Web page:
Weston Street, in the tiny southeastern San Diego neighborhood of Broadway Heights, has a new name: Martin Luther King Jr. Way.

On Saturday, the children of Broadway Heights unveiled two new street signs, making the street the first in San Diego to bear the late civil rights leader’s name.

The children, members of the Broadway Heights Community Youth Council, worked for months to get the street renamed. They first explored the idea at one of their meetings early this year, where they planned improvements to their neighborhood: Cleanups, beautification projects, block parties.

They wanted to change a street name in Broadway Heights to honor an American leader. They did a little research and learned no streets in the city were named after King. There was a pool, a recreation center, and a portion of State Route 94, but no street.

In the 1980s, the City Council renamed Market Street in honor of King. Residents and business owners on the street weren’t happy that they would have to hassle with address changes, and voters overturned the decision at the ballot box.

At a City Council hearing last month, Councilwoman Marti Emerald told the children who’d addressed the members that they’d been able to accomplish what city leaders could not 24 years ago.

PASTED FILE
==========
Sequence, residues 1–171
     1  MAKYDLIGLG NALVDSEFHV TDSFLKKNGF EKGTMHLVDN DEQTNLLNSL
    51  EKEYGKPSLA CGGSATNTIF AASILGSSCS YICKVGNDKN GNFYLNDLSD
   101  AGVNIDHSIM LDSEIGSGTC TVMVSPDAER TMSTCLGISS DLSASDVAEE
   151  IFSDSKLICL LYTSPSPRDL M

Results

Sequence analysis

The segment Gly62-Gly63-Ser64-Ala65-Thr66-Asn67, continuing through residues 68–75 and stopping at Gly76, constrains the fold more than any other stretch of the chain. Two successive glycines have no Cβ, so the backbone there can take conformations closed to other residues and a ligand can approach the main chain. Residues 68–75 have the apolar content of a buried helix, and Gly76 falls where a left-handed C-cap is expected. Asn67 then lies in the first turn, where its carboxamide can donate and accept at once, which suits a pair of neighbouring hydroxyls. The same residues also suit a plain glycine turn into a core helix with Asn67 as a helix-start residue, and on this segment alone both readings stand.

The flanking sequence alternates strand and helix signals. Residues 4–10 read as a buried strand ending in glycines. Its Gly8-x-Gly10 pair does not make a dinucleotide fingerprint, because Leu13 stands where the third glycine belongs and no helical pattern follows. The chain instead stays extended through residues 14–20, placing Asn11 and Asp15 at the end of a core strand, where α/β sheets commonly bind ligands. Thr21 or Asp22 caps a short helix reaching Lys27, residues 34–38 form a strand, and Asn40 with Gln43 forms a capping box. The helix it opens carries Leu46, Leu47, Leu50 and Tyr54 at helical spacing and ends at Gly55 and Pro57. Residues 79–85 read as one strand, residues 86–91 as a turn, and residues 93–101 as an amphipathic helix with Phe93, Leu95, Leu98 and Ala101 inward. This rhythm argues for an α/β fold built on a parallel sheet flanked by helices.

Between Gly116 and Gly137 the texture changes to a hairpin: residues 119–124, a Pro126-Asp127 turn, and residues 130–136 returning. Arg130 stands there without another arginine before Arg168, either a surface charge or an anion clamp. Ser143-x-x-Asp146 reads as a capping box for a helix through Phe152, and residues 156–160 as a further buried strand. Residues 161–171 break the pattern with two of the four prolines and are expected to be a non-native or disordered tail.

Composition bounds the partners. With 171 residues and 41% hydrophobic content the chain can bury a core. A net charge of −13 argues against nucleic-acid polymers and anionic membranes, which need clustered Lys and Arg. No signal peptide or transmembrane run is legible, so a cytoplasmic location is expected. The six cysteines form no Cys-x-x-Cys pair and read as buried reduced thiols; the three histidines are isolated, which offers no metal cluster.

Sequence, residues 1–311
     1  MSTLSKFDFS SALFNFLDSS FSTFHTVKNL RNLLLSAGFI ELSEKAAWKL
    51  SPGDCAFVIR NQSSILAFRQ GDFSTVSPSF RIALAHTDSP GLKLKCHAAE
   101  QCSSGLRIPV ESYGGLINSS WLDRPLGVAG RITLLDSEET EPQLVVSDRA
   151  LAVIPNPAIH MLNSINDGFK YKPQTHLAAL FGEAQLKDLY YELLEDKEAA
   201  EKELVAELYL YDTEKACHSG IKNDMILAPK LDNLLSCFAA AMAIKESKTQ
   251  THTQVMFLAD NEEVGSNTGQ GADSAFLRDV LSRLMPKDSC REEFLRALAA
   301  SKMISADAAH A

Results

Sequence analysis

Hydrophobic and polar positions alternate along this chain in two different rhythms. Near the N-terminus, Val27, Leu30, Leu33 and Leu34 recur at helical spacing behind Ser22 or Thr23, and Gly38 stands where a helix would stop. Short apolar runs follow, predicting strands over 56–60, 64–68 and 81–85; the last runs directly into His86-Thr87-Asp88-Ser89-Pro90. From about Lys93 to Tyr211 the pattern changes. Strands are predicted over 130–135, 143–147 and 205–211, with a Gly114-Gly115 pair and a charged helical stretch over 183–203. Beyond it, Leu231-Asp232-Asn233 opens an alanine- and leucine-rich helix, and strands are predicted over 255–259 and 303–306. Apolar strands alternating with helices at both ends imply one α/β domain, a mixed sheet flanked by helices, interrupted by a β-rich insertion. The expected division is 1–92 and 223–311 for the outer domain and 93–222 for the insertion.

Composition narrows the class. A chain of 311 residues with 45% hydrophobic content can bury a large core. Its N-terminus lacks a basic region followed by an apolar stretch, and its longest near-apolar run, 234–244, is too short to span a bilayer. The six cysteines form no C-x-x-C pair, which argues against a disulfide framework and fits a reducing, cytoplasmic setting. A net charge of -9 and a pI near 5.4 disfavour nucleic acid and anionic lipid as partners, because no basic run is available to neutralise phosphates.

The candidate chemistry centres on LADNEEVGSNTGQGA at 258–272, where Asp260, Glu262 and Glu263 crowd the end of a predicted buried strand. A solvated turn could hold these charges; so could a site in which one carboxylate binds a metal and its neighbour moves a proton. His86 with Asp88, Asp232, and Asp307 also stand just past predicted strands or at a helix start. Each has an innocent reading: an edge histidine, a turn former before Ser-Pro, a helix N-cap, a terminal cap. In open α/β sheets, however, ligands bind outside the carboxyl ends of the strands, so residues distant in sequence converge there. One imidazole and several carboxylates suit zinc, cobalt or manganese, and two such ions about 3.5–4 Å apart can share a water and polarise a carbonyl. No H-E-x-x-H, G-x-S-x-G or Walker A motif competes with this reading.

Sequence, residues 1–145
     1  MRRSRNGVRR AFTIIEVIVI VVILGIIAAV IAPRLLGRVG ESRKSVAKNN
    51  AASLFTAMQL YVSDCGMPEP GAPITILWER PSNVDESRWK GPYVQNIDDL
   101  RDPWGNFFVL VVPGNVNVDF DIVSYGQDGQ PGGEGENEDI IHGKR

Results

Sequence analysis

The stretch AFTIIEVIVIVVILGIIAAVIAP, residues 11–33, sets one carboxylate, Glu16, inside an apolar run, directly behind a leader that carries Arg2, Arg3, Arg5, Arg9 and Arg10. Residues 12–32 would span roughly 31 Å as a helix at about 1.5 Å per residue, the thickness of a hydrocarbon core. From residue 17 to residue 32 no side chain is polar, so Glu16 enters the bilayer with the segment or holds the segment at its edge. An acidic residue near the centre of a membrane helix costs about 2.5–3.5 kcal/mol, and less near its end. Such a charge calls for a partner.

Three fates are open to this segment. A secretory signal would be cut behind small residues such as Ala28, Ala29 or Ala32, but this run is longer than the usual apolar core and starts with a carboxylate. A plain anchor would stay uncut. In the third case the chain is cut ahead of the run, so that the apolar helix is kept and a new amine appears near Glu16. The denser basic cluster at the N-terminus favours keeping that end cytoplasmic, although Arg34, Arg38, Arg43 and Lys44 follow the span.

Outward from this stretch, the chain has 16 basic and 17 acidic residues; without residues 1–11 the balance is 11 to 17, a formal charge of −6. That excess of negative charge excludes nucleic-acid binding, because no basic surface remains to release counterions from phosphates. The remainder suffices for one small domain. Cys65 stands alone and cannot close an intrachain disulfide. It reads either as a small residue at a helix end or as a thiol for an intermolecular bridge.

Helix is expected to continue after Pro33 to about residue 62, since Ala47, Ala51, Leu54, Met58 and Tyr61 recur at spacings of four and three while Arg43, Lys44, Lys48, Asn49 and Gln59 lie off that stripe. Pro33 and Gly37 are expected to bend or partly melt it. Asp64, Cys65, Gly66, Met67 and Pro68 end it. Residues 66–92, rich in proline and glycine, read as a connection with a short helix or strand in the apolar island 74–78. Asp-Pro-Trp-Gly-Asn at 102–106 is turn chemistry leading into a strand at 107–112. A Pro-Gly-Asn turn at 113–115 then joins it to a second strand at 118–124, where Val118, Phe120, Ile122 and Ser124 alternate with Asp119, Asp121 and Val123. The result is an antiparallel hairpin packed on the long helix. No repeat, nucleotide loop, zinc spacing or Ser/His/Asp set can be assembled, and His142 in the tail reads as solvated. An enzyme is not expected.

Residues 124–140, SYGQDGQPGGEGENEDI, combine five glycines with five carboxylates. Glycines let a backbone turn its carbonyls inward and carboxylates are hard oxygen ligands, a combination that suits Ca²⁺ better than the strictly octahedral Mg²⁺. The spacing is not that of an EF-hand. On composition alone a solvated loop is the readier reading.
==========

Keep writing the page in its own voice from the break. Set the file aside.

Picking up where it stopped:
It took the children of Broadway Heights months of signature gathering, letter-writing, and a few visits to City Hall to push the renaming through.

Granted, the renaming of Weston Street, just 200 feet long, was a less daunting and contentious feat than the effort to rename Market Street, which cuts across the city. Weston Street is a connector between two of the neighborhood’s more populated residential streets. None of the neighborhood’s 192 houses face it, so no addresses were affected.

But that didn’t seem to diminish the importance of the occasion at Saturday’s unveiling, where speakers said the renaming was long overdue to honor a man who made possible communities like Broadway Heights, where residents, predominantly African American but also white, Latino, and Asian, have organized to improve quality of life and create a small town sense of community. We wrote about their efforts to rename the street back in April.

Barbara Robinson, a local resident, fought back tears as she described a visit with other Broadway Heights residents to King’s house in Atlanta. “It’s a neighborhood like ours. It was a real neighborhood, he was a real man.”

Charles Ray, the neighborhood crooner, brought tears to eyes in the audience with an impassioned performance of “A Change is Gonna Come,” a song that came to symbolize the Civil Rights Movement.

“It’s been a long, long time coming,” Ray sang, “but I know a change gonna come.”

Please contact Adrian Florido directly at adrian.florido@voiceofsandiego.org or at 619.325.0528 and follow him on Twitter: twitter.com/adrianflorido.

Adrian Florido is a former staff writer for Voice of San Diego.

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